In the realm of academic scholarship, a commentator may do nothing more than point out analogues, parallels, precedents, and imitations, especially in the more abstruse disciplines such as classics. An unreflecting mixture of attitudes is evident in a fine practical critic such as Peter Dronke when he first dignifies a text with a traditional background in order to obtain it a hearing and then insists on the free and spontaneous play discernible within the apparently highly determined form without sorting out what effects either sort of relation to tradition might have or examining how adherences and departures from audience expectations function and interrelate.
The fact is, of course, that every instance of language and certainly every literary artifact is at once conformist and nonconformist. If an utterance did not conform to prior patterns at all it would be incomprehensible, or — more likely -- it would be interpreted by readers who perceived a pattern of their own invention. The fact that every context
and occasion is different guarantees that there can be no two wholly identical utterances. But this does not eliminate the questions under discussion by putting all verbal texts into a single homogeneous category. Both relatively familiar and relatively unfamiliar language are forms of verbal technology which have been exploited in different ways by their practitioners and consumers. Some of the functions for texts require material closer to one end of the spectrum and some to the other.

To move toward a more precise definition of these mechanisms is the object of this study, but some outlines of the uses of the two extremes are well-known. The concept of verbal economy as used by Lord and Parry could be applied as well to eighteenth century nature poetry, say, though this genre is certainly not oral. (See Alfred Lord, The Singer of Tales, Chapter 4.) Nonetheless, if formulae and repeated phrases reoccur with lesser frequency in James Thomson than in the epic texts, they are considerably more common than in some other genres. Pattern-shattering individualist visions have gained greater currency since the eighteenth century, and today every poet is expected to speak with a unique voice. Even this recent emphasis on self-conscious rebellion, however is rendered problematic as the gestures of surrealism rapidly become clichés, and the new theory which had arisen on the cutting edge of critical thought degenerates or matures into a predictable reflex (the received, “right” reading).

The theory and practice of literature in the European Middle Ages provides particularly useful material for the investigation of the problem of convention. Although the frequently expressed respect for “auctoritas” is consistent with the assumption that medieval literature is predominantly stereotyped and thus most often of little literary value (a claim made with audacious irony by Eco in The Role of the Reader). it has also long been a received idea that modern lyric poetry may be traced back through the dolce stil novisti and the Minnesänger to the troubadours. Medieval vernacular love poetry is surely one of the most highly conventional bodies of texts imaginable with its limited lyrical and melodic repertoire and its frequently recurring dramatic scenarios and sentiments. Even the idea of romantic love which is sometimes described as an invention of the Old Occitanian poets has been amply shown by Lewis and Dronke and others to have world-wide distribution as well as classical and Christian antecedents in the European cultural sphere.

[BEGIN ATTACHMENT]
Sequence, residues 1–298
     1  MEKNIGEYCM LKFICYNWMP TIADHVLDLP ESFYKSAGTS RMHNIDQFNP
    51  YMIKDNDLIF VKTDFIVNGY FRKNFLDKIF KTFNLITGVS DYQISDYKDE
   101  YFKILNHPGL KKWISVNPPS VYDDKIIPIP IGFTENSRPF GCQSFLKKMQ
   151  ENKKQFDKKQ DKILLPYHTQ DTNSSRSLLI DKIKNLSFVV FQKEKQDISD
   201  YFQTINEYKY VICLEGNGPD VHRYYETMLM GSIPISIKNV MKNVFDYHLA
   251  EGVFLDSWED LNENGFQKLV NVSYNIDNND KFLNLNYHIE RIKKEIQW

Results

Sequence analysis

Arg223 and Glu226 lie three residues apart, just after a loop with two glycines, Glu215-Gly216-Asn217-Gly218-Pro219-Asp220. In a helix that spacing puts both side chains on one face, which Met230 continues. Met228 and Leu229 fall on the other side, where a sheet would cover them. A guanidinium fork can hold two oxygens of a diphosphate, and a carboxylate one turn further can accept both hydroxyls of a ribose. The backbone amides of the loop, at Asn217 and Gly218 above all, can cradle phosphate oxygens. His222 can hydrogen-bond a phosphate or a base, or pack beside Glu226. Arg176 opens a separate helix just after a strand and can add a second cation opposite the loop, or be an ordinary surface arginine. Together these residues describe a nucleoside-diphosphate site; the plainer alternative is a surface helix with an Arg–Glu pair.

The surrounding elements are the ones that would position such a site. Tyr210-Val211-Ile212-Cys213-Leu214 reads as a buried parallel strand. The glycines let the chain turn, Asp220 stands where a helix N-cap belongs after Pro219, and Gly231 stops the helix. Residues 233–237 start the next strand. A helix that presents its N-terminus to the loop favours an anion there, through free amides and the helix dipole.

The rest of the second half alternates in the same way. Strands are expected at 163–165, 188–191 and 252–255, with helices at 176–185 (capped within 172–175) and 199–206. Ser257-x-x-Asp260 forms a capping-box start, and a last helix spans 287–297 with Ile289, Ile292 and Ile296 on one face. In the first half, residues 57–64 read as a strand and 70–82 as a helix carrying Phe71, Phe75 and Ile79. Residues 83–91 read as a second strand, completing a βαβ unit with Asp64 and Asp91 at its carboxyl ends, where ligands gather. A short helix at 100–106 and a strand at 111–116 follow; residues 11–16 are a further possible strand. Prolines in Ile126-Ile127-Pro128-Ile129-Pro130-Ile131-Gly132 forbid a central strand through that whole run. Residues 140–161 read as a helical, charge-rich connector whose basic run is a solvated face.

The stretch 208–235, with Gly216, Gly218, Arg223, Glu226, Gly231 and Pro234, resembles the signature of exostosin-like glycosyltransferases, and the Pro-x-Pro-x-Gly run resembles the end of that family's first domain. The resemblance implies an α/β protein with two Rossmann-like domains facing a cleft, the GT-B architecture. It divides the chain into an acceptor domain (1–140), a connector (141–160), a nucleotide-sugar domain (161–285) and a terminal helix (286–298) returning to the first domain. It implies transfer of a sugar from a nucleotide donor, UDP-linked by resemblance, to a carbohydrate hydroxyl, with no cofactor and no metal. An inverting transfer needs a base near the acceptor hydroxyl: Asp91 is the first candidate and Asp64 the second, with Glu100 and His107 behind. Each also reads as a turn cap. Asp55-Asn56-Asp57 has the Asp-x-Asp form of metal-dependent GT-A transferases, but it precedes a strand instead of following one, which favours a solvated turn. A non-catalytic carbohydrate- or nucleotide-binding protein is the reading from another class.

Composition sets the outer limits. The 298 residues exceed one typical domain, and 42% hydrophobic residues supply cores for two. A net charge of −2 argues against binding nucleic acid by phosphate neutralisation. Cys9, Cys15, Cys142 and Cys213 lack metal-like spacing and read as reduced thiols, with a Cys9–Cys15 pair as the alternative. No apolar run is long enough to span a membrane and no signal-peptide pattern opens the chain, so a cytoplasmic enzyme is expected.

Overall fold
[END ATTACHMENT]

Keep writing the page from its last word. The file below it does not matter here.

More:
Nevertheless, there is also a strain of radical formal experimentation through its history which attracted Pound to Arnaut and Walther von der Vogelweide and which led Paul Blackburn to translate the Provençal verse into emphatically colloquial and loosely structured American idiom, indeed, the poets themselves often speak of singing “a new song” or of the need to say something never before said and all but inaccessible to language. It is the contention of this study that the conservative and revolutionary elements of early vernacular lyric poetry are not simultaneously present by chance. Rather, each enables the other.

The apparent contradiction is mediated by the peculiar nature of literary intertextuality. The relations between a given poetic line and other lines that resemble it (which may come either before or after it in time) are invariably productive of meaning, resulting in a greater capacity for information in each phrase as the words bear not only their immediate “literal” meaning, but also their meaning in relation to other similar passages. The significance the text would convey in isolation (in practice an impossibility) is compounded and enriched by its connections with other words, sentiments, movements, and eras. Such intertextuality is inevitably present, but it is even more prominent when poets learn from the masters of a previous generation, from canonical texts digested in school, or from a particular model adopted by the young artist.

A strong tradition, then, cannot fail to make the semantic code denser, more conflicted, and ambiguous, more interesting and poetically “true.” It “thickens the plot,” and the verbal play that results is a highly important aspect of poetic practice, often recognized and elucidated in specific passages, but rarely investigated in theory. As well as foregrounding the formal aspects of poetic language (as, in the simplest case, certain locutions will immediately signal the competent audience that a given text is, in fact, poetry), intertextuality allows for the expression of content which would otherwise be inexpressible. Were this not the case, literature would be indistinguishable from non-aesthetic texts in terms of semantic efficiency, and it would be justifiable only as entertainment. The creation of meaning that is not susceptible to prose paraphrase has characteristics of a game, but the object is neither simple mystification nor ornamentation. Rather, it is the only means of formulating specifically literary statements whose unique capabilities justify literature's claim to cognitive utility.